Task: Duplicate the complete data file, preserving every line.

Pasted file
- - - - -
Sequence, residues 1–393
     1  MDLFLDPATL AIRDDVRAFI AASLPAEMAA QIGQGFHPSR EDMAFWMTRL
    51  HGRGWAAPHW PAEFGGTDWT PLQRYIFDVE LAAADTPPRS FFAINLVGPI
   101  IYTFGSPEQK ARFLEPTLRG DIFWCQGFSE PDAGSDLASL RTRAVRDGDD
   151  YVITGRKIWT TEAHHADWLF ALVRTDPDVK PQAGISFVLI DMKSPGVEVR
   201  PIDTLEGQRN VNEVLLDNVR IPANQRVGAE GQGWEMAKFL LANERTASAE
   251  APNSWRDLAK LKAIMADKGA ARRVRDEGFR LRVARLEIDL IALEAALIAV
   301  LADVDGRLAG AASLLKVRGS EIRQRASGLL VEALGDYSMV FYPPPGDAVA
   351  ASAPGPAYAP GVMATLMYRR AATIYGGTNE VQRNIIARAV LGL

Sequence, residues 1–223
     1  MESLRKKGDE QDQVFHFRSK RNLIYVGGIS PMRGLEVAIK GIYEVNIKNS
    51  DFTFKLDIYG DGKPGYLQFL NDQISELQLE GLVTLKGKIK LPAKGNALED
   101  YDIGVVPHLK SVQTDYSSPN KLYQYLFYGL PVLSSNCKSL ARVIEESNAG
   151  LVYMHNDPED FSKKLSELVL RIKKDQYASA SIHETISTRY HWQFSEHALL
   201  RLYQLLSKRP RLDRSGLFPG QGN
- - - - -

Sequence, residues 1–393
     1  MDLFLDPATL AIRDDVRAFI AASLPAEMAA QIGQGFHPSR EDMAFWMTRL
    51  HGRGWAAPHW PAEFGGTDWT PLQRYIFDVE LAAADTPPRS FFAINLVGPI
   101  IYTFGSPEQK ARFLEPTLRG DIFWCQGFSE PDAGSDLASL RTRAVRDGDD
   151  YVITGRKIWT TEAHHADWLF ALVRTDPDVK PQAGISFVLI DMKSPGVEVR
   201  PIDTLEGQRN VNEVLLDNVR IPANQRVGAE GQGWEMAKFL LANERTASAE
   251  APNSWRDLAK LKAIMADKGA ARRVRDEGFR LRVARLEIDL IALEAALIAV
   301  LADVDGRLAG AASLLKVRGS EIRQRASGLL VEALGDYSMV FYPPPGDAVA
   351  ASAPGPAYAP GVMATLMYRR AATIYGGTNE VQRNIIARAV LGL

Sequence, residues 1–223
     1  MESLRKKGDE QDQVFHFRSK RNLIYVGGIS PMRGLEVAIK GIYEVNIKNS
    51  DFTFKLDIYG DGKPGYLQFL NDQISELQLE GLVTLKGKIK LPAKGNALED
   101  YDIGVVPHLK SVQTDYSSPN KLYQYLFYGL PVLSSNCKSL ARVIEESNAG
   151  LVYMHNDPED FSKKLSELVL RIKKDQYASA SIHETISTRY HWQFSEHALL
   201  RLYQLLSKRP RLDRSGLFPG QGN